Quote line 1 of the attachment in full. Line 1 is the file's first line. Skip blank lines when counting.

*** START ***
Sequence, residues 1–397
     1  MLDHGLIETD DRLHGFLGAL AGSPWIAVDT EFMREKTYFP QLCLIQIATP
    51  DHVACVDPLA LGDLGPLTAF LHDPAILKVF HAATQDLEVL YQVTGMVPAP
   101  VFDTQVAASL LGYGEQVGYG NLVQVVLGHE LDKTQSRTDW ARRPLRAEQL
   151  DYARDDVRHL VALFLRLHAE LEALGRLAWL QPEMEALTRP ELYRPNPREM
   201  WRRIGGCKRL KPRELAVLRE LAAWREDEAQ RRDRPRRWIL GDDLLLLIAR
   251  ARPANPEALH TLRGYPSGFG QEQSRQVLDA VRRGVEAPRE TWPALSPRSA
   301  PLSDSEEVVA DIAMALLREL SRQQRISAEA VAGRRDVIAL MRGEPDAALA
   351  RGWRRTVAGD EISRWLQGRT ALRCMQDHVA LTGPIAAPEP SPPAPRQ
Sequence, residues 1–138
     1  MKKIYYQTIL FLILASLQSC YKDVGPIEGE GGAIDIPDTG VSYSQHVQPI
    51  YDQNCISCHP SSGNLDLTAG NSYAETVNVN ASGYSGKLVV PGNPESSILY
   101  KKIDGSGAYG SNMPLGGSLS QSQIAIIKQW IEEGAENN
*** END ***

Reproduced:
Sequence, residues 1–397